U.S. stocks fell on Friday after the release of mixed employment data jolted interest rates higher. The S&P 500 closed 0.6 percent lower at 2,885.57 as the tech sector under performed. The broad index also fell nearly 1 percent this week, posting its worst weekly performance since the week of September 7.
The Dow Jones Industrial Average dropped 180.43 points to 26,447.05 as Intel and Caterpillar lagged. It also notched its second straight weekly decline.
The Nasdaq Composite pulled back 1.2 percent to 7,788.45 as Amazon, Apple, Netflix and Alphabet all traded lower. For the week, the tech-heavy index fell 3.2 percent, its biggest weekly drop since the week of March 23. It dropped 6.5 percent that week.
At its lows of the day, the Dow fell as much as 325.67 points. The S&P 500 broke below its 50-day moving average for the first time since July 5 before snapping back above the closely watched technical level. The Nasdaq fell as much as 2.1 percent on Friday.
The U.S. economy added 134,000 jobs in September, well below the expected gain of 185,000. However, the U.S. unemployment rate fell to its lowest level since 1969. Job gains for August also received a sharp upward revision to an addition of 270,000 jobs from 201,000. Wages, meanwhile, grew by 2.8 percent last month on a year-over-year basis to match expectations.
“The labor market is going to keep getting tighter and that will mean higher wages,” said Peter Cardillo, chief market economist at Spartan Capital Securities. “This is going to keep upward pressure on rates and continue to put downward pressure on stocks.”
The 10-year note yield rose to 3.24 percent and hit a fresh 2011 high while the two-year note yield advanced to 2.897 percent.
The Cboe Volatility Index (VIX), widely considered the best fear gauge in the market, hit a high of 17.36, its highest level since July 2.
The rise in yields pushed home-builder stocks lower. The SPDR S&P Homebuilders ETF (XHB) fell 0.8 percent and notched a 13-day losing streak. Emerging markets also fell as the iShares MSCI Emerging Markets ETF (EEM) slipped 0.4 percent. Emerging markets also fell 4.89 percent, their worst weekly performance since February.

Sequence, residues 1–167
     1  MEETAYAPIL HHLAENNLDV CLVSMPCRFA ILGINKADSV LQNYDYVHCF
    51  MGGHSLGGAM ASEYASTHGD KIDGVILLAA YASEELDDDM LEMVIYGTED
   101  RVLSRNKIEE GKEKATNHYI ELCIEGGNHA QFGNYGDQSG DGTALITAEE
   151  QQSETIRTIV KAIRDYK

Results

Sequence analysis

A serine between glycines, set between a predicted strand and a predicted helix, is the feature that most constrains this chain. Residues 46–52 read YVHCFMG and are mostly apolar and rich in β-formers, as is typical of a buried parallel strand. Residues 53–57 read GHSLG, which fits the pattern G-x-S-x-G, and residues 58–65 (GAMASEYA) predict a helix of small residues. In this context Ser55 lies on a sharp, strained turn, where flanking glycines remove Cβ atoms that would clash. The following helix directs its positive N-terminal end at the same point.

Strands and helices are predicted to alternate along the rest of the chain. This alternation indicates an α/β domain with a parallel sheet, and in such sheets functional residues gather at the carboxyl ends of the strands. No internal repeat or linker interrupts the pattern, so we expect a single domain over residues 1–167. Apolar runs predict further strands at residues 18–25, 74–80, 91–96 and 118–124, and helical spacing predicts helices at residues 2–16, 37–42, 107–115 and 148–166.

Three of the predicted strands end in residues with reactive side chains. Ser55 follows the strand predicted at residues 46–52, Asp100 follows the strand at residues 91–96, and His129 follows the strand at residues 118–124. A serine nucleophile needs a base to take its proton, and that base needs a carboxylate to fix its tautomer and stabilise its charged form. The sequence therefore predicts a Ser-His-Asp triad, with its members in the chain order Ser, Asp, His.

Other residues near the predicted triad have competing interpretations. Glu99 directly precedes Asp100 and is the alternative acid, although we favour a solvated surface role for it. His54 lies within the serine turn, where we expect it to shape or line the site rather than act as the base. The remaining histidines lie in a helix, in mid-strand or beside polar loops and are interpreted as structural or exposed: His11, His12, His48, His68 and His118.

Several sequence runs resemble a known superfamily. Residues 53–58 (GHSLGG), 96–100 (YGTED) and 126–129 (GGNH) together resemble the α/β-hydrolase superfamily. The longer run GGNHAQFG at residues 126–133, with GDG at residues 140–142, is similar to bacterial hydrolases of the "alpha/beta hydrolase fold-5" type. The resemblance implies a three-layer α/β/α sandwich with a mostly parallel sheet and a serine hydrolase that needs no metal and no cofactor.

Yields have been on the rise this week amid strong economic data. The U.S. services sector grew at its fastest rate on record last month, according to data released by the Institute for Supply Management.
Comments from Federal Reserve Chair Jerome Powell also pushed yields higher. Powell on Wednesday said that the Fed had a long way to go before interest rates would hit neutral, suggesting to markets that more hikes could be coming.
“There is clear reason why this is happening,” said Paula Solanes, senior portfolio manager at SVB Asset Management. “All of this goes very well with what the Fed is doing and what Fed Chair Powell said this week.”
Bank stocks briefly traded higher before falling with the rest of the market. J.P. Morgan Chase and Bank of America both fell around 1 percent, while Citigroup slipped more than half a percent. Banks typically benefit from higher rates as they make loans more profitable.
JJ Kinahan, chief market strategist at TD Ameritrade, said investors are hesitant to buy into financials just yet because they’ve been “burned so many times in the past.” He added financials are entering a “show me” period as rates rise.
Other economic data released Friday include the U.S. trade deficit, which widened to $53.2 billion in August even amid an ongoing trade spat between the States and some of its key trade partners. Over the past 12 months, the deficit is up $31 billion or 8.6 percent.
Friday’s decline came a day after the Dow posted its worst day since Aug. 10. The S&P 500 and Nasdaq also fell sharply in Thursday’s session.
“The S&P 500 is topping out as policy normalizes. The Fed is already tighter than they realise,” said Barry Bannister, head of institutional equity strategy at Stifel, in a note to clients. “As the dollar rises further and EPS estimates are cut the market will drop faster than the Fed can (or wishes to) react.”
He added investors should move toward more defensive sectors like consumer staples, health care and utilities.